The cost of living in Iran is fairly low, and expats moving to the country can live a comfortable life. Expat packages in the country are generally lucrative, even though Western comforts will set new arrivals back quite a bit.

The biggest expense for most expats will be housing. International school fees, which are high, will be another major cost for expat parents. Public transport is generally cheap, as are many other everyday expenses.

Cost of accommodation in Iran

The cost of accommodation in Iran is low when compared to countries like the US but is considered average in comparison to other countries in the Middle East. That said, housing prices in Iran are rising due to low supply. 

Wherever possible, expats should negotiate with their employer for an accommodation allowance. If that isn't possible, they should inquire whether the company has any relationships with landlords or agents that can assist in finding affordable housing. Additional costs when renting property in Iran typically include utilities such as electricity, water and internet.

Cost of groceries in Iran

Much of an expat's food expenses in Iran will depend on individual choices. Generally, the cost of everyday groceries is fairly cheap, and many supermarkets offer a wide array of quality produce and staples. Expats who opt to cook at home will therefore save a fair amount of money.

Cost of eating out and entertainment in Iran

Eating out can be fairly affordable, although prices between restaurants can vary widely. Regularly eating out at gourmet restaurants will put a dent in expats' budgets. Restaurants serving local cuisine will be more reasonable. 

Compared to other Middle Eastern destinations, the cost of entertainment, such as visiting historical sites and movie tickets, can add up. While entrance fees for museums and other historical attractions are fairly priced, the cost can add up when expats visit a fair few. That said, there are also plenty of free or low-cost activities to enjoy in the country. Expats can visit Artist's Park or hike through the Darband and Darakeh Recreational Areas at absolutely no cost. 

Cost of transportation in Iran

The cost of travelling in Iran is generally inexpensive as public transport is affordable. Some expats opt to use taxis or hire a private driver to take them around. Buying or hiring a car in Iran is expensive, but maintenance and fuel are both cheap.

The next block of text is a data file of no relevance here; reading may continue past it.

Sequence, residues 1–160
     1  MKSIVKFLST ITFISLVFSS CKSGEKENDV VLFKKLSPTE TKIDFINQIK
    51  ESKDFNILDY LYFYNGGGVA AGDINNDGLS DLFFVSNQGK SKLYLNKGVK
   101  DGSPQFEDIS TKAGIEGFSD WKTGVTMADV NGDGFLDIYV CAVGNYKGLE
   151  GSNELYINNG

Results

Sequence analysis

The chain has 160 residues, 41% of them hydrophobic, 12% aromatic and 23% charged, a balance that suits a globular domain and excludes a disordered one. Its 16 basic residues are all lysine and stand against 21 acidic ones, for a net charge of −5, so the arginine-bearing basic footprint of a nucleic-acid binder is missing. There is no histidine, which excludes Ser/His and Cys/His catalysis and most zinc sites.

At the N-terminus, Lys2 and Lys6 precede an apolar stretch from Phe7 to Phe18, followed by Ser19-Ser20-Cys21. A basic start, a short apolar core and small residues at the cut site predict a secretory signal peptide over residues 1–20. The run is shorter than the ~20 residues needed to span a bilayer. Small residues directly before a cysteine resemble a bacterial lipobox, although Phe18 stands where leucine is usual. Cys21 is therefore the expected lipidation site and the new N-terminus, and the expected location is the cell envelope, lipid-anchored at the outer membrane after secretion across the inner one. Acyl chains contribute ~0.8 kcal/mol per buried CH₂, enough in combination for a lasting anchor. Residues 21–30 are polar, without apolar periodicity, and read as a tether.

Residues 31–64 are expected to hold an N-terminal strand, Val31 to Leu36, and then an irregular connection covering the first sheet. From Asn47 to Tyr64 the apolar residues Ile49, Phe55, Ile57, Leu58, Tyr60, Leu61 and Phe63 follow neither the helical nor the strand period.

Cost of healthcare in Iran

Generally, the standard of public healthcare in Iran is good, and doctors are highly qualified. That said, most expats prefer going to private hospitals, which offer a higher standard of facilities and more expeditious treatment. It is essential that expats ensure they have a fully comprehensive international health insurance policy. In most cases, this will be arranged by employers.

Cost of education in Iran

Expats relocating to Iran with children will need to factor in the cost of schooling. Most expats send their children to one of the international schools in Iran. Facilities and standards of teaching at these tend to be excellent. Fees tend to be high, though. They vary between schools and increase with each grade. Expats should contact the school directly to make enquiries.

Parents should note that fees usually don't include the cost of uniforms, textbooks and school excursions, so parents will also need to account for this. Luckily for most expats, companies relocating them to Iran typically offer allowances for children's school fees. If this isn't automatically included in their contract, expats should bring it up during negotiations.

Cost of living in Iran chart

Prices may vary depending on product and service provider. The list below shows average prices for Tehran in September 2023.


One-bedroom apartment in the city centre

IRR 20,000,000

One-bedroom apartment outside the city centre

IRR 13,000,000

Three-bedroom apartment in the city centre

IRR 40,500,000

Three-bedroom apartment outside the city centre

IRR 28,070,000


Eggs (dozen)

IRR 48,000

Milk (1 litre)

IRR 27,000

Rice (1kg)

IRR 109,000

Loaf of white bread

IRR 23,000

Chicken breasts (1kg)

IRR 131,145

Pack of cigarettes (Marlboro)

IRR 119,115

Eating out

Big Mac Meal

IRR 169,000

Coca-Cola (330ml)

IRR 32,581


IRR 55,500

Bottle of non-alcoholic local beer

IRR 34,000

Three-course meal at a mid-range restaurant (for two)

IRR 1,056,000


Mobile phone monthly plan with calls and data

IRR 117,000

Internet (uncapped ADSL or cable – average per month)

IRR 411,112

Basic utilities per month for a small apartment

IRR 734,000


Taxi rate (per kilometre)

IRR 12,671

Monthly bus/train pass

IRR 531,000

Petrol/gasoline (per litre)

IRR 34,238

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